I have discussed crimes against law enforcement officers before. Those are offenses that State Attorneys' Offices take very seriously. That's because there is a very close relationship between the police and the prosecutors. In other words, the prosecutors will "take care of their own" when it comes to officer victims.
A crime against a law enforcement officer (LEO) can be as simple as resisting an officer without violence. The problem with officer victim cases is that the officer victim often has total control over the plea discussions in the case. If you are a first-time offender charged with resisting an officer without violence, and for whatever reason, the officer victim feels vindictive, he or she may put pressure on the State Attorney regarding a particular disposition. In other words, if the officer wants to see jail time, the prosecutor may seek jail time, even though you have no prior record.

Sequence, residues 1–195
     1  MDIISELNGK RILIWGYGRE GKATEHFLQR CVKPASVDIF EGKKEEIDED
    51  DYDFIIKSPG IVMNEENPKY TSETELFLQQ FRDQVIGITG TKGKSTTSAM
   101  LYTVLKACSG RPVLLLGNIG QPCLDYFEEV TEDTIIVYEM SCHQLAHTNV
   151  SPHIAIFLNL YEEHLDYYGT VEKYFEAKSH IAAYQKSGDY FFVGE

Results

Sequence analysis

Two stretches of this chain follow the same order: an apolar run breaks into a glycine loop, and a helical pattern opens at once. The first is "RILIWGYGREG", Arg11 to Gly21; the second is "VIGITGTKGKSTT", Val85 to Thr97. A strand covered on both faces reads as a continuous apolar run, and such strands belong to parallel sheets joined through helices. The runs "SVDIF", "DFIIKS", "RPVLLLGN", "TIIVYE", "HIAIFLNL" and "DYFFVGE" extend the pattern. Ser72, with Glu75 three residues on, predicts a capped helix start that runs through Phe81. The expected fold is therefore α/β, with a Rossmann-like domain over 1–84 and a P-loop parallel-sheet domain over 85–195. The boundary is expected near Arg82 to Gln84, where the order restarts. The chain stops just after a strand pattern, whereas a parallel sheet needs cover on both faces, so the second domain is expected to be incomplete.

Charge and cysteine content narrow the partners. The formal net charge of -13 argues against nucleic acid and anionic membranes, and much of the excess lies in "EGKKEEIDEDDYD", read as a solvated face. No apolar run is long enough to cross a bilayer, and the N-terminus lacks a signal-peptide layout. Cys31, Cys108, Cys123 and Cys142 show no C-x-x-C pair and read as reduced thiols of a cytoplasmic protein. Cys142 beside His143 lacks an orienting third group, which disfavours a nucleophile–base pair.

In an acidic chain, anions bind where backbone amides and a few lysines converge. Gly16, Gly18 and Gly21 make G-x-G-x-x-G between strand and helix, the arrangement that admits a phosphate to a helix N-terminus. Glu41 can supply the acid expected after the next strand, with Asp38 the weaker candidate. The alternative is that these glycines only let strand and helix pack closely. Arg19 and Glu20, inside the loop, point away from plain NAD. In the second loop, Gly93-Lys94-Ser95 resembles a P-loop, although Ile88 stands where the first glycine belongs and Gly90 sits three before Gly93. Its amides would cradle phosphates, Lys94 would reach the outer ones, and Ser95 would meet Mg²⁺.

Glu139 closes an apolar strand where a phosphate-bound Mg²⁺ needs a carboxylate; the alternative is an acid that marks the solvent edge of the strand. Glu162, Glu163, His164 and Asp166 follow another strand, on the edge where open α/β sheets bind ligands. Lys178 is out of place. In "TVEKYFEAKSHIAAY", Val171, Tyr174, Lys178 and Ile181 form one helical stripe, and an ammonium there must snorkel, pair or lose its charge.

But that is beside the point. That is minor in comparison to violent crimes against LEOs. If you are charged with a violent crime against a LEO, be prepared to face serious charges and serious prison time.
Florida law states that "the legislature does hereby provide for an increase and certainty of penalty for any person convicted of a violent offense against any law enforcement or correctional officer..."
No matter the crime, it is always considered more serious when committed against a law enforcement officer, as opposed to an ordinary citizen.
For first-degree murder of a law enforcement officer, if the death sentence is not imposed, a sentence of imprisonment for life without eligibility for release will be imposed. A life sentence can be imposed for second-degree murder of a law enforcement officer as well.
For attempted first-degree murder of a law enforcement officer, a maximum life term can be imposed.
For attempted second-degree murder of a law enforcement officer, a 30 year prison term may be imposed.
For aggravated battery on a law enforcement officer, a maximum 30 year term with a mandatory minimum 5 year term.
For aggravated assault on a law enforcement officer, a maximum 15 year term with a 3 year mandatory minimum term.
Eric Matheny is a criminal defense attorney serving Miami-Dade and Broward. Call to discuss your case.